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Roving Eyes

By on May 3, 2010
RoadKing Mag

I have a lady friend who is a cross-country trucker. Often, to help her pass the hours behind the wheel on those long, straight stretches of roadway she knits, usually making caps, gloves and sweaters for family and friends. Because knitting usually requires two hands, she sometimes steers with her knees.

One late afternoon, she passed a highway patrolman sitting alongside the road. Noticing that her rig was weaving, he gave pursuit. When she didn’t respond to his flashing lights and siren, he pulled alongside her, switched on his loudspeaker and shouted, “Pull over.”

My lady trucker friend leaned out the window and shouted back, “No, it’s a crew neck.”

Distracted driving has gotten out of hand. There are too many distractions behind the wheel and not just from people knitting, texting, cell phoning or using a two-way satellite communication system. There’s more eating and drinking, grooming, playing with navigation devices, reading, ad nauseam, as drivers try to make their time behind the wheel more productive by multi-tasking.

I’ve no doubt distracted driving will get worse as the sophistication with in-vehicle technologies and portable electronic devices grows, allowing for further interaction with motorists.

Now there’s another growing problem caused by multitasking: walking while distracted. I discovered this after a couple of weeks of making deliveries in crowded downtown city areas. On several occasions my rig almost “met” a pedestrian because they were so involved in their electronic device they didn’t bother looking before crossing the street. I saw one lady so engrossed in texting she bumped into a sign post.

This kind of thing isn’t limited to downtown areas. I watched a trucker walking across a truckstop parking lot while dialing or texting on his cell phone, leading him to miss the pothole ahead of him. He stepped into it and went down hard.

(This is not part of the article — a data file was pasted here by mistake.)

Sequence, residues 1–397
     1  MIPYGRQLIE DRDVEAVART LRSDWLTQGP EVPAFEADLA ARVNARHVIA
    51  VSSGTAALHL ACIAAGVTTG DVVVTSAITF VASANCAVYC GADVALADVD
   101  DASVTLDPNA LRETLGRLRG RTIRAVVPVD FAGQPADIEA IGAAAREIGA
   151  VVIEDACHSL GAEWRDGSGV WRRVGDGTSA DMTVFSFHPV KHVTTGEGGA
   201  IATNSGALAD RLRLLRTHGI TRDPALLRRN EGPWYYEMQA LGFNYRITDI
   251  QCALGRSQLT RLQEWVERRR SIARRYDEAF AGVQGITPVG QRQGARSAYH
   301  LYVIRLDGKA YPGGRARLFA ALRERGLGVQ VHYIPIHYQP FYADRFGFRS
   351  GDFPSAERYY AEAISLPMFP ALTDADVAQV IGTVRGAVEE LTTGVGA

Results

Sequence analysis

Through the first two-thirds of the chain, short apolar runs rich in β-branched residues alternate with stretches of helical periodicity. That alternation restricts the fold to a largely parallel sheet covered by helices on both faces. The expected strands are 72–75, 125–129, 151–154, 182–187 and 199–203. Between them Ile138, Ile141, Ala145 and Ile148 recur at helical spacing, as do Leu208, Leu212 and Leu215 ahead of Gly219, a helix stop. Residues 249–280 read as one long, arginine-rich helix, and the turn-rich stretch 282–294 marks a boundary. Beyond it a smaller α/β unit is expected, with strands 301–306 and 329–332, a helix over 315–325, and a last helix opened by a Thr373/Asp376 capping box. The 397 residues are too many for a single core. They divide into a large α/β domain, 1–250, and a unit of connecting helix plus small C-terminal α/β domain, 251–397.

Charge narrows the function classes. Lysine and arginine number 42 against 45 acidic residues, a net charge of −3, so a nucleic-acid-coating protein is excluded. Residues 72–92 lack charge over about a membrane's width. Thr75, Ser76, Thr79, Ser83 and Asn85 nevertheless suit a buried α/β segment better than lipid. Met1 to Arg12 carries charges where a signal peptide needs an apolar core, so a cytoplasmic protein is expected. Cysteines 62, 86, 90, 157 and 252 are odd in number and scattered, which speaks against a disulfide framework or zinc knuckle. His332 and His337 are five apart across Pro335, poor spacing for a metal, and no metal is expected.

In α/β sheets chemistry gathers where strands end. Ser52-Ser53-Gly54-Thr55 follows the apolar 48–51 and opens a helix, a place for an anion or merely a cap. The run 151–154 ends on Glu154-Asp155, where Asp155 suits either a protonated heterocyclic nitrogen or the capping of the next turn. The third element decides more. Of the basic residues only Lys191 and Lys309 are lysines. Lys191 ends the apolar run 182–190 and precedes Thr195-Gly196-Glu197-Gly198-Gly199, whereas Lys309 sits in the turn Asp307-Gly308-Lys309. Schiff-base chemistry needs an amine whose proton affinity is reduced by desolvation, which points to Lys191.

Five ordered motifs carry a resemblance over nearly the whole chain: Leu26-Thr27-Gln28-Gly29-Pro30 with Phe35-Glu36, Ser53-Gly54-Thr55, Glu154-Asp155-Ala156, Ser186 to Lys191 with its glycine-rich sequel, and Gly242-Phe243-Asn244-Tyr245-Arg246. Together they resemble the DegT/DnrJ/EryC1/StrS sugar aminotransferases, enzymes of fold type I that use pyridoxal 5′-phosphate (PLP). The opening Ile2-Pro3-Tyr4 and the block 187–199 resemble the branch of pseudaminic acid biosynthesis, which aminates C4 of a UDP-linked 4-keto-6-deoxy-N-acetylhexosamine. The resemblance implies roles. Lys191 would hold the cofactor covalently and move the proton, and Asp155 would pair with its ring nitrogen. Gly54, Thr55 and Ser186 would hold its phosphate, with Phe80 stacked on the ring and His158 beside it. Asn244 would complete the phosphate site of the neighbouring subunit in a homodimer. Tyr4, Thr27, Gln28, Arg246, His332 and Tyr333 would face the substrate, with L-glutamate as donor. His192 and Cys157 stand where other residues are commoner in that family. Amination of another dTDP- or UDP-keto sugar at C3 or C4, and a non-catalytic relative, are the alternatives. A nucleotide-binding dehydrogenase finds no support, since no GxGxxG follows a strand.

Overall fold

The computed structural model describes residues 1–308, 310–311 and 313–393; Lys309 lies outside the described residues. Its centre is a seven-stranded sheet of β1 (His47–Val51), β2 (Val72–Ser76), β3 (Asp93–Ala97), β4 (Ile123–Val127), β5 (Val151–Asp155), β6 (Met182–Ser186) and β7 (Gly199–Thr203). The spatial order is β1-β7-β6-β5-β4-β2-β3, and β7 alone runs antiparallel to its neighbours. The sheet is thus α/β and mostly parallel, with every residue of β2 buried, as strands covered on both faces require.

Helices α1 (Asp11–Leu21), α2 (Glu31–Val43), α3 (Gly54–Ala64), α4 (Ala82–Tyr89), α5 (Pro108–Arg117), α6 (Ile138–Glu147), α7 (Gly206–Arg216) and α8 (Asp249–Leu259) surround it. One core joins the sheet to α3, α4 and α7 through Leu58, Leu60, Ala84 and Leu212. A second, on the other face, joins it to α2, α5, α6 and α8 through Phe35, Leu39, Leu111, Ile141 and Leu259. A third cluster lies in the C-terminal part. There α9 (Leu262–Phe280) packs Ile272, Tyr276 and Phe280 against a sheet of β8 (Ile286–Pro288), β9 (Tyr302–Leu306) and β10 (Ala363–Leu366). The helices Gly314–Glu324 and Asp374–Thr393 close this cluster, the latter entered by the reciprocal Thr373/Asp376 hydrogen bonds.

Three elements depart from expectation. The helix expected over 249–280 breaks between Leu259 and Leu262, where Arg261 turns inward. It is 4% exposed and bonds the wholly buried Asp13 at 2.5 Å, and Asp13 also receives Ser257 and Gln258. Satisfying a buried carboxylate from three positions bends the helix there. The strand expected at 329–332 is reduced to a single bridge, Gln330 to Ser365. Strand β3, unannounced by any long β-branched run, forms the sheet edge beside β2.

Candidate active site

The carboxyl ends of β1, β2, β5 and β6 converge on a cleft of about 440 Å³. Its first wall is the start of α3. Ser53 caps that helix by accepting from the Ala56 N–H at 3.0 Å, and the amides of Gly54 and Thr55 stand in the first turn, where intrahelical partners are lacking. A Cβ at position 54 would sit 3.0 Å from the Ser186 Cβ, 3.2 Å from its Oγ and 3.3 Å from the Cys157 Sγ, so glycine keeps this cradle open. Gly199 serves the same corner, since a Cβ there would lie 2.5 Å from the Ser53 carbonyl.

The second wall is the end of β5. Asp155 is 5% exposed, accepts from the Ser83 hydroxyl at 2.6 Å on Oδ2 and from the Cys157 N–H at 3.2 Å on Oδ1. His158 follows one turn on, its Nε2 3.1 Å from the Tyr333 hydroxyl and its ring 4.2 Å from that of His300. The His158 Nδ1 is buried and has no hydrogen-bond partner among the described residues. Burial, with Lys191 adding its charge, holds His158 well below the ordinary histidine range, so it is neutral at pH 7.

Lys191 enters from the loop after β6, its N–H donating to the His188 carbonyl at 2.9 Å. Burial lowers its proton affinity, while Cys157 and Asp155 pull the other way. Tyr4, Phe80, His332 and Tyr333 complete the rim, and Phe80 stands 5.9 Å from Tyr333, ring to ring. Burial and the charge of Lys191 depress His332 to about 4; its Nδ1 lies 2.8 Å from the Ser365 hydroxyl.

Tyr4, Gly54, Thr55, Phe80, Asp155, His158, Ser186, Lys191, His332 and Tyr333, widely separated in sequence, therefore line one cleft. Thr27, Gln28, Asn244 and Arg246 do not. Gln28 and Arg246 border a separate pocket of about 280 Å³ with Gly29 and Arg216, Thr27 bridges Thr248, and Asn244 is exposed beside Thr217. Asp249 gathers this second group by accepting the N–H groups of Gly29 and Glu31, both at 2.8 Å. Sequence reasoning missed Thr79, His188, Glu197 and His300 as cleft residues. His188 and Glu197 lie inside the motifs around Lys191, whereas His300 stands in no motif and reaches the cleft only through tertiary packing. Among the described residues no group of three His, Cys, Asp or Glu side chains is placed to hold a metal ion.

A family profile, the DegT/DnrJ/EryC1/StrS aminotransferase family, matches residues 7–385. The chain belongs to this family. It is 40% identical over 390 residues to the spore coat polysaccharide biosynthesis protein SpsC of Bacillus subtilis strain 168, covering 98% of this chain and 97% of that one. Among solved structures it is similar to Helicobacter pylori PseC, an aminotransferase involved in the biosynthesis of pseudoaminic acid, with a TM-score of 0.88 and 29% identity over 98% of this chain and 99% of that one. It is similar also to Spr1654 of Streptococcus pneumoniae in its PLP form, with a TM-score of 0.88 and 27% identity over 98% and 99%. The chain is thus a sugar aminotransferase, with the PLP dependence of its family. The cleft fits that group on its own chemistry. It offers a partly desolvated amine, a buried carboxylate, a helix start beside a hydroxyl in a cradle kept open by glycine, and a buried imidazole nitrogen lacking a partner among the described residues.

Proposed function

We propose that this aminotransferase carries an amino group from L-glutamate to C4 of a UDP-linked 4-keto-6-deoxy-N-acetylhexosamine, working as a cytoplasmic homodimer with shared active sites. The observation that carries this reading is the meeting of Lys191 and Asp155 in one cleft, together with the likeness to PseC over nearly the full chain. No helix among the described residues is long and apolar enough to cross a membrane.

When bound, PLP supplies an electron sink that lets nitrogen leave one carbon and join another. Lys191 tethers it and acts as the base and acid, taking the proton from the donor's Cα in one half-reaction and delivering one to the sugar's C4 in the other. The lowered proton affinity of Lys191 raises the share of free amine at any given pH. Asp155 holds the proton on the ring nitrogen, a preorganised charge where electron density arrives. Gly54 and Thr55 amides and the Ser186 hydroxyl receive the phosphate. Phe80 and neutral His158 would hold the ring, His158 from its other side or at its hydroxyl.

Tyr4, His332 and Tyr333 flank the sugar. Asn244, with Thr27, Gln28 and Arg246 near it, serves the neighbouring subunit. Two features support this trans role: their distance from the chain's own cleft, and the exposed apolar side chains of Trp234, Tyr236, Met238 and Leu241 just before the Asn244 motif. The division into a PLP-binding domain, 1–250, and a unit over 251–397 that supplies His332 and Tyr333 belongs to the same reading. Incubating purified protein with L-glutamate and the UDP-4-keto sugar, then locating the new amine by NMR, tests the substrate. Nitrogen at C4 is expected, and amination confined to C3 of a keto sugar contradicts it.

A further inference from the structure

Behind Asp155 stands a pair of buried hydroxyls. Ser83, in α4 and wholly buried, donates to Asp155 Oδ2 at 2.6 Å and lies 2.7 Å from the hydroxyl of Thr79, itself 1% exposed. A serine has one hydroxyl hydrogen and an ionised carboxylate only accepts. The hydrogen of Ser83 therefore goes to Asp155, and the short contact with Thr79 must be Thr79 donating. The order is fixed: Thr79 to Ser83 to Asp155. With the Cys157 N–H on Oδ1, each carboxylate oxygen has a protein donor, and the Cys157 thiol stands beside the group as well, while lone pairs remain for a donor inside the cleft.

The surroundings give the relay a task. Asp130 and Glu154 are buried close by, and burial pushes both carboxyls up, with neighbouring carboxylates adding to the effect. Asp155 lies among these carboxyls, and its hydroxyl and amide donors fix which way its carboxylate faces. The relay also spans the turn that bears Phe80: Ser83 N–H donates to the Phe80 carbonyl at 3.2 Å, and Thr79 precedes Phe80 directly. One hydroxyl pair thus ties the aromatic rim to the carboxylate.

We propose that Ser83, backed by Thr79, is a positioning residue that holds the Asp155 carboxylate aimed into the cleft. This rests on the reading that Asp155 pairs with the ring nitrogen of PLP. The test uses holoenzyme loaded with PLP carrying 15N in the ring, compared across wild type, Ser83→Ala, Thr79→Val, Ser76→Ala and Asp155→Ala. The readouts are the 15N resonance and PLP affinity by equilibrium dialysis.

Many of you may be saying to yourself, “This stuff doesn’t apply to me. For me, there’s nothing to cell phoning and texting while driving or walking.”

Consider this: Researchers studying the impact of multitasking are finding that just talking on a phone takes a toll on cognition and awareness because it disrupts a person’s attention to the visual environment. This occurrence has been labeled inattention blindness.

A variety of studies have been conducted to show that using a cell phone was such a distraction that people wouldn’t notice obvious events happening around them. Even though they looked at their surroundings, much of it didn’t register.

A study that graphically demonstrates this was done by researchers at Western Washington University. A student wearing a purple-and-yellow clown costume with polka dot sleeves, red shoes and a bulbous red nose, rode a unicycle around a campus square. After people crossed the square, the researchers stopped them and asked, “Did you see anything unusual?”

Of those talking on the cell phone, only 8 percent said they saw the clown.

Think about sharing the road with people like that.

Here’s a thought. We each make a pledge to minimize distractions while driving and walking and focus on the real purpose at hand: getting safely to our destination. That benefits everyone.
No matter how many laws our governments make, safe driving — and walking — happens when each of us takes responsibility for it, not because safety is mandated.

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